In Iraq, women ‘are the battlefield’

By — August 12, 2014

Yanar Mohammed’s voice is shaky when she picks up the phone. It is noticeable. She apologizes and takes a quick second to compose herself. She has been unnerved by something she just saw on television.

It’s hard to imagine that an activist like Mohammed is easily spooked. The network of underground shelters she runs through her nonprofit, the Organization for Women’s Freedom in Iraq, was originally meant to protect women from honor killings and domestic abuse. Now, they are flooded with refugees.

Sectarian violence has killed more than 5,600 civilians in Iraq this year, according to U.N reports. Conflict between the Iraqi government and the Islamist fundamentalist juggernaut that is the Islamic State has consumed most of the country, as well as parts of Syria and Kurdistan—and the fighting only seems to be escalating. On Friday, the U.S. entered the fray, sending arms and warplanes to Kurdistan in hopes of stopping what President Barack Obama has called a potential “genocide.”

Originally called the Islamic State of Iraq and Sham, or ISIS, the Islamist fundamentalist group formed in April 2013, led by former Al-Qaeda commander Abu Bakr al-Baghdadi. The rebels split from Al-Qaeda and have since shocked the world with their massive military success and the brutal persecution of Christians and other religious minorities.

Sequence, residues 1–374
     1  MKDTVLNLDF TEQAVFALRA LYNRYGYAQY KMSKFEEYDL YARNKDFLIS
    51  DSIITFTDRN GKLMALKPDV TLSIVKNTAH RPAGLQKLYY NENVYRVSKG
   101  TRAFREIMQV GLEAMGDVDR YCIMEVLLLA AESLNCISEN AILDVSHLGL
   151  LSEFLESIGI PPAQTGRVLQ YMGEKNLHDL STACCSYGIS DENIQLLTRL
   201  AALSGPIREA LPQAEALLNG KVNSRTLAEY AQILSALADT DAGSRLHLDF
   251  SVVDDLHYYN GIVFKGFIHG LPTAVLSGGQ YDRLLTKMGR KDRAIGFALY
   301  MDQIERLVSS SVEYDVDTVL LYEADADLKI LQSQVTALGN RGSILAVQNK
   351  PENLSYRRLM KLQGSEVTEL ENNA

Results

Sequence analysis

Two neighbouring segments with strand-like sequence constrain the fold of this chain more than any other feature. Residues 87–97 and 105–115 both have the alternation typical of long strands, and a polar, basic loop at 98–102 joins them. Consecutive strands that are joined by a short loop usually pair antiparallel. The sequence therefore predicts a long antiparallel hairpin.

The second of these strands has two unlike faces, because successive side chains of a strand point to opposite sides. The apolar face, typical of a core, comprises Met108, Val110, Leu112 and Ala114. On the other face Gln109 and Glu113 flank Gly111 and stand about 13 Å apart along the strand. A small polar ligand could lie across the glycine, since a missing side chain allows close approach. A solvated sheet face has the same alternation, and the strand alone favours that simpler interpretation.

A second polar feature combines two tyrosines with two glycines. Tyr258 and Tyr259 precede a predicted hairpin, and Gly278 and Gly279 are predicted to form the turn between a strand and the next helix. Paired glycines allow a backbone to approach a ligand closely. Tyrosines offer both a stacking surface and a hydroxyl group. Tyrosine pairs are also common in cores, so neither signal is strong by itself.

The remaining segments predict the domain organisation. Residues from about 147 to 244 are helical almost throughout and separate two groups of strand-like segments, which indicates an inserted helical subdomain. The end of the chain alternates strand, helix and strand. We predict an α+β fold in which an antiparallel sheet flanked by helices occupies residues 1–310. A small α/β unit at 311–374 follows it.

Civilians flee the Iraqi city of Mosul in July, where militants of the Islamic State have taken control. (ActiveStills)

In addition to constant shelling and terror, there have been reports of torture, beheading, and even crucifixion. As the violence rages on, Mohammed tells me many of her refugees have survived the unthinkable.

“At the time when we first spoke about it [in June], people would not believe it and even our supporters wrote us that they don’t believe it,” she says. “And now the videotapes come up.”

Mohammed describes one video she’s seen as the testimony of a young girl who said she was raped by ISIS troops. In June, human rights groups reported that militants had gone door to door in Mosul, abducting women from their homes and raping them, sometimes in broad daylight. The girl said she and her sister were brutalized while her mother was in the house.

Mohammed says it’s remarkable for a young Iraqi woman to speak so openly about her ordeal. Rape survivors throughout the Middle East are often silenced by fear or ostracized by their families—some are killed by husbands or male family members, a way of erasing the shame and stigma.

This may help explain why, to date, human rights organizations have had difficulty verifying reports of rape in the conflict zone. Tirana Hassan, a senior researcher in the emergencies division at Human Rights Watch, tells me she hasn’t seen any evidence of systematic sexualized violence being perpetrated by Islamic State troops who, she says, are hoping to win hearts and minds (despite mass killings) in the regions they’ve conquered. But, she says, the honeymoon phase won’t last long: “This has been the early stage of the game and, if we follow the pattern that we’ve seen in Syria under ISIS control, it’s pretty much playing out the same.”

In addition to what ISIS has been perpetrating, Hassan says she has seen a good deal of violence perpetrated by the Iraqi government and vigilantes loosely affiliated with both sides—or neither.